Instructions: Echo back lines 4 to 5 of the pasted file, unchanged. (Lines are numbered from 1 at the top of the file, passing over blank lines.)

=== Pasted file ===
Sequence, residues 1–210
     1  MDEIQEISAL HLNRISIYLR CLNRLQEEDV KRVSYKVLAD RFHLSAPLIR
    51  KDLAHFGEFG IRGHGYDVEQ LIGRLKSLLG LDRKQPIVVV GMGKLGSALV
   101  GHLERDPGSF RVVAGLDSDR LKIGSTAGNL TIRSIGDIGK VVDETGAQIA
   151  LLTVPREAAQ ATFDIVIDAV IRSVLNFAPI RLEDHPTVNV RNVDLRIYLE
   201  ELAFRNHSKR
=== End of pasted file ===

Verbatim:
   101  GHLERDPGSF RVVAGLDSDR LKIGSTAGNL TIRSIGDIGK VVDETGAQIA
   151  LLTVPREAAQ ATFDIVIDAV IRSVLNFAPI RLEDHPTVNV RNVDLRIYLE